health

Young people are using TikTok to self-diagnose personality disorders. Here's why it's worrying.

This post deals with mental health disorders and might be triggering for some readers.

Do you have the tendency to push people away? Do the smallest things make you implode? Do you constantly feel like you need to change your self-image? Do you always need reassurance? 

Well, according to a popular post on TikTok, your ✨bad personality traits✨ are actually undiagnosed borderline personality disorder (BPD).

@jasminealexius My transitions suck but for real being diagnosed was the best thing for me🖤👏🏻 #bpd #thetraumatribe #borderlinepersonalitydisorder ♬ tbtrack - Maylene

In case you haven't come across it on your FYP on TikTok, posts like these are among thousands on social media that are encouraging teens and young adults to self-diagnose their psychological wellbeing. They're everywhere. And they're racking up *billions* of views.

Just look up the hashtag #BPD (borderline personality disorder) - it has a whopping 4.6 billion views on TikTok. The hashtag #bipolar has 2.4 billion, while #DID (dissociative identity disorder) has another 1.7 billion views.

Watch: Lily Bailey on suffering from OCD. Post continues below.


Video via Mamamia.

A lot of these videos involve teenage girls and young women posting about their symptoms, how they manage them, and tips on how to "self-diagnose" your own mental conditions.

And now, psychologists are reporting a new wave of young people claiming to suffer from rare personality disorders such as borderline personality disorder, bipolar disorder and schizophrenia — the kind of conditions that aren't usually prevalent in this age group.

@askaryana What having bpd can look like #bipolardisorder #bipolar #bipolardisoderawareness #bipolardisorderisreal ♬ daddy issues remix - this isn’t my main
@oliviacadee Another sneak peak inside my tiny little pea brain💫 #PerfectAsWeAre #comedy #bpd #cptsd #therapy #adhdtiktok ♬ original sound - Olivia Cade

According to researchers, there's one common theme identified with young people and self-diagnosed conditions: TikTok. More specifically, engagement in mental health content.

Because while mental health awareness is obviously a very good thing, this new wave of mental health influencers on social media are unintentionally encouraging the incorrect diagnosis of disorders.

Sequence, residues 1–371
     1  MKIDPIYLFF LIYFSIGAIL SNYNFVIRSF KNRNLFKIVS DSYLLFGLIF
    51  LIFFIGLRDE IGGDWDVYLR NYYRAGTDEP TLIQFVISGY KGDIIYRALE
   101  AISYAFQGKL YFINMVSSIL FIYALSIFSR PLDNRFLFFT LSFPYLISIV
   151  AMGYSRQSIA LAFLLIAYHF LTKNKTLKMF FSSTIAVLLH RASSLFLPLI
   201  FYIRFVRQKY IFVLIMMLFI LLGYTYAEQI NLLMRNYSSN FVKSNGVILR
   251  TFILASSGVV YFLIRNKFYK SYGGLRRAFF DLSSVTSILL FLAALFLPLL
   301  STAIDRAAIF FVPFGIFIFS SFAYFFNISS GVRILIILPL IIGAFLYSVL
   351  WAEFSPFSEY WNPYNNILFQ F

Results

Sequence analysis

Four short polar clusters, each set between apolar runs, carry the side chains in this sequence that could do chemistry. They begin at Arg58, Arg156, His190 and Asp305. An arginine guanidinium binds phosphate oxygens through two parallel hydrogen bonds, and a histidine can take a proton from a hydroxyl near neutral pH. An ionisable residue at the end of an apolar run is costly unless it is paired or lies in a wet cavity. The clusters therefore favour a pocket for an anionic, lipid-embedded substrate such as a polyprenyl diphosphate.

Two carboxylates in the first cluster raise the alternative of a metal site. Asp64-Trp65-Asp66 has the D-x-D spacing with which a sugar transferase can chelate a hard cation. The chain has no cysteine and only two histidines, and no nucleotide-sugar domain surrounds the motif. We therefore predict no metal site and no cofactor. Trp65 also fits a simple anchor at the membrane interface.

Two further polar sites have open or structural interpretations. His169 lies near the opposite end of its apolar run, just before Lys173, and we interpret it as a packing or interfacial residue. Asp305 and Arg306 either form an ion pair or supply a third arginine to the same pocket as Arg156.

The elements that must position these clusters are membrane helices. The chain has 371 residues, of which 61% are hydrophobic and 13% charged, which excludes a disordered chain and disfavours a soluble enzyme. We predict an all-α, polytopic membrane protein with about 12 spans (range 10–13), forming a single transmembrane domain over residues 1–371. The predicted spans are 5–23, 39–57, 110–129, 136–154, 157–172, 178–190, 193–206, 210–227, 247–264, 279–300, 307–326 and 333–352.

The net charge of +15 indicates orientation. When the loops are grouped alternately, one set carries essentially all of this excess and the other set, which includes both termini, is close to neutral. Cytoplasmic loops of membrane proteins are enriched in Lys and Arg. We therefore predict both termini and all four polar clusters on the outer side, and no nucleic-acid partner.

Meaning? Young people are reportedly manifesting behavioural and emotional disorders.

Lysn psychologist Nancy Sokarno said the dangers of this new movement are wide-ranging.

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"The first danger is that followers can take advice from a less-than-credible resource. While some of these influencers might pertain to have knowledge and experience in the area of mental health, most of the time it is anecdotal or personal experience (which really doesn’t put anyone in a position to give advice responsibly)." 

"Any mental health diagnosis needs to come from a credible resource, for example, a psychiatrist or psychologist," she shares.

"Mental health is one of those topics that can be very nuanced because there is a sliding scale or degrees of how someone could be affected (which is also further affected by varying levels of behaviour)."

While mental health concerns around the world are quite common, Sokarno said what’s not as common is our understanding of the various mental illnesses.

"There is a reason mental health experts spend years and years of study and research in their fields – it’s complicated! It’s not something you can learn about just from personal experience or from social media.

"There’s also a danger it could lend itself to a sort of self-fulfilling prophecy. Most of us have had a medical ailment in the past where we’ve Googled and suddenly, we’re going down a rabbit hole and self-diagnosing with an array of illnesses.

"It’s the same with social media – we can very easily lead ourselves to a confirmed diagnosis (but mental health is just too complex, subjective and layered to do that)."